Extension News

Ask the Iowa State University Extension Experts

11/28/2007

Is summersweet clethra a suitable landscape plant for Iowa? 
Although not widely planted, summersweet clethra (Clethra alnifolia) performs well in Iowa when grown in a favorable location. Summersweet clethra performs best in moist soils in partial shade. However, it can be successfully grown in full sun as long as it has ample moisture. Avoid hot, dry locations. 

Summersweet clethra produces small, fragrant flowers on 3- to 6-inch-long, bottlebrush-like spikes in mid- to late summer. Bees and butterflies find the flowers irresistible. The foliage of summersweet clethra is lustrous green in summer changing to pale yellow or golden brown in fall.  Plants generally grow 4 to 6 feet tall and have a similar spread. Widely grown varieties include ‘Rosea’ (light pink flowers fade to white), ‘Pink Spires’ (soft pink flowers), ‘Ruby Spice’ (deep pink flowers) and ‘Hummingbird’ (white flowers, 3 feet tall). 

How do you construct a grape trellis? 
Constructing a grape trellis is similar to constructing a farm fence.The trellis must be substantial enough to carry the weight of the vines plus a heavy crop during high winds. Basically, the trellis consists of two or three wires, one above the other, stretched tightly and secured to firmly-set posts. 

End posts serve as the anchor points as well as wire supports. End posts are generally 8 feet long, with a diameter of 4 inches, set approximately 2 feet deep in the soil. They may be braced in several ways. A common method is to set an extra post within a few feet of the end post. A heavy piece of wood or another post makes a good brace between the two end posts. Line posts are also 8 feet long, but with a diameter of 3 inches. They are set approximately 2 feet into the ground and spaced about 24 feet apart within the row. 

Use galvanized wire for the grape trellis. Galvanized wire is durable and does not cause serious wire chafing of young vines. Wire sizes commonly used include numbers 9, 10 or 11. Wires are secured to end posts in various ways. A common method is to wind the wire around the post once or twice and then twist the end several times around the wire as it is stretched to the next post.

Some gardeners use special devices to attach the wires to the end posts because they simplify tightening of the wires. These devices employ cranks that eliminate removing the wires from the end posts when tightening. Wires are fastened to the line posts with ordinary staples. Space the wires vertically according to the training system to be followed. For example, a 4-cane-Kniffin system would use two wires. One wire should be 3 feet above the ground and the second wire 6 feet above the ground. The 6-cane-Kniffin system uses three wires positioned 2, 4 and 6 feet above the ground.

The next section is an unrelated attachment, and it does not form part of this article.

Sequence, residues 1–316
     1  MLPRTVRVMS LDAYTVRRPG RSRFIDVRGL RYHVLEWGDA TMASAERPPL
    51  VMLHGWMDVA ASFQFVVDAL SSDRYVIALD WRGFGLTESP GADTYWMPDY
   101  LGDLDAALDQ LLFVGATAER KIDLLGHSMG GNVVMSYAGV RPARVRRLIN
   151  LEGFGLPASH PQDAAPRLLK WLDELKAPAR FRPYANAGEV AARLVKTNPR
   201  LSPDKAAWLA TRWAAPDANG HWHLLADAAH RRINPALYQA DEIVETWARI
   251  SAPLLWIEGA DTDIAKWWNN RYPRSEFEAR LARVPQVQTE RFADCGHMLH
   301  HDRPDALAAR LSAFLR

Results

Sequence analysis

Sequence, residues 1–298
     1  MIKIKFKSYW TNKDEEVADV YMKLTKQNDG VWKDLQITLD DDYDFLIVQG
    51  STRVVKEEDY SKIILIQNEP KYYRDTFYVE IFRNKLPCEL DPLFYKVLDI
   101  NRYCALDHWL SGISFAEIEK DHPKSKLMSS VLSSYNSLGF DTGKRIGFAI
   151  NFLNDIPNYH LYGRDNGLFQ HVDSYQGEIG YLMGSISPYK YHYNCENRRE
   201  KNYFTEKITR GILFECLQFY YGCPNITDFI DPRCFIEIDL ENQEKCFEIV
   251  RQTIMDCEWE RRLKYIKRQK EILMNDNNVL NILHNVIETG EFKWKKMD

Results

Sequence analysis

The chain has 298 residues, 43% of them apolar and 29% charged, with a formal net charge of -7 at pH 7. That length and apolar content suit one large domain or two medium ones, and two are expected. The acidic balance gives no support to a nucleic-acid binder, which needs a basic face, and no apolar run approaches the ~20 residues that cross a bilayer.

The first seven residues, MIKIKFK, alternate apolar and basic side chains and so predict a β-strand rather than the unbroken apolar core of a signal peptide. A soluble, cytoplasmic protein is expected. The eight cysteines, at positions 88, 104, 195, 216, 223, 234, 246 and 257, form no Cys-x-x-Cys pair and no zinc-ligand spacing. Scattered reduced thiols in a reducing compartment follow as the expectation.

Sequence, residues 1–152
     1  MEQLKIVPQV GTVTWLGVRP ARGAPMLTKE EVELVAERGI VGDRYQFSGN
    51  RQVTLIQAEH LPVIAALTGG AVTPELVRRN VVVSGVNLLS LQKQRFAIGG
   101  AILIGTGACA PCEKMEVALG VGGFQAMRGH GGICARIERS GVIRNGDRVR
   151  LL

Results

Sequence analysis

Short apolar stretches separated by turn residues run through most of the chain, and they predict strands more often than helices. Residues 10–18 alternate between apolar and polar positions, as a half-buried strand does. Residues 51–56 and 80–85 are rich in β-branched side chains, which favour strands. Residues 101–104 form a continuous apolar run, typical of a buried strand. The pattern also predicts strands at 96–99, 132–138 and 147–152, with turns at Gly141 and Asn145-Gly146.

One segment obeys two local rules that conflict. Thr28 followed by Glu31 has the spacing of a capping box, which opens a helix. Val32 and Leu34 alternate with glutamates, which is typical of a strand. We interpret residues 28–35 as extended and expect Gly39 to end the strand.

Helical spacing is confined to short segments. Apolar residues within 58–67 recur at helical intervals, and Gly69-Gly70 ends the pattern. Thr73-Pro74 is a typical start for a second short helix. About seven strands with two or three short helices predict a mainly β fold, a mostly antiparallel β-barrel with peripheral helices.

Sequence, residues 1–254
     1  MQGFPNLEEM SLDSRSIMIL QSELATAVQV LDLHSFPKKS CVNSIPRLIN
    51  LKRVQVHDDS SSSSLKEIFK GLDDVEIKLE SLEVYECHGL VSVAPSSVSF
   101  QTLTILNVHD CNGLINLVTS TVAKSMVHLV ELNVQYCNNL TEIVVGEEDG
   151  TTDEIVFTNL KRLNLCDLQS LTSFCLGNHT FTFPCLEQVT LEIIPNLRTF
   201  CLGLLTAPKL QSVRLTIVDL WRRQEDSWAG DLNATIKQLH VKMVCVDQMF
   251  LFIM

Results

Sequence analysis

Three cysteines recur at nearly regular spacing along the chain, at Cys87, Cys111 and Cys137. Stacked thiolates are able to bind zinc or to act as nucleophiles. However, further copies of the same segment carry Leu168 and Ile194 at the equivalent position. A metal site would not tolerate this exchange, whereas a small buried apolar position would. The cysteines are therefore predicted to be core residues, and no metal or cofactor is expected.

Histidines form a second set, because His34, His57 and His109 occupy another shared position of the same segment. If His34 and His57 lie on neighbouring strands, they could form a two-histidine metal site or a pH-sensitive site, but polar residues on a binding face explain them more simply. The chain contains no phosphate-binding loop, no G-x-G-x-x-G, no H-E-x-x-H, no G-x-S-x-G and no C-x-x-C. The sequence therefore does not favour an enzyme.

The best time to construct a grape trellis is during the first part of the growing season. Tying new shoots to the trellis wires allows for straight grapevine trunk development in future years. 

What are the symptoms of salt damage to trees and shrubs?   
To prevent accidents on slippery surfaces, deicing compounds are used by highway departments, businesses and homeowners to melt ice and snow on roadways, parking lots, sidewalks and driveways. Most deicing materials are salts that melt ice and snow by lowering the freezing point of water below 32 F. While deicing salts improve travel conditions, they can damage landscape plants. 

The symptoms of salt injury to deciduous trees and shrubs include stunted growth, marginal leaf scorch, early fall coloration and twig dieback. Accumulation of salt in the soil over several years may result in progressive decline and eventual death. 
 
Salt damage to evergreens results in yellowing or browning of the needles and twig dieback. Evergreens near heavily salted roadways are often damaged by salt spray. Spray damage is most severe on the side of the plant nearest the highway. 

The severity of salt damage depends on the amount of salt applied, soil type, amount of rainfall, direction of run-off, prevailing winds and condition and type of plant material. 

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Contacts :

Richard Jauron, Horticulture, (515) 294-1871, rjauron@iastate.edu

Jean McGuire, Extension Communications and Marketing, (515) 294-7033, jmcguire@iastate.edu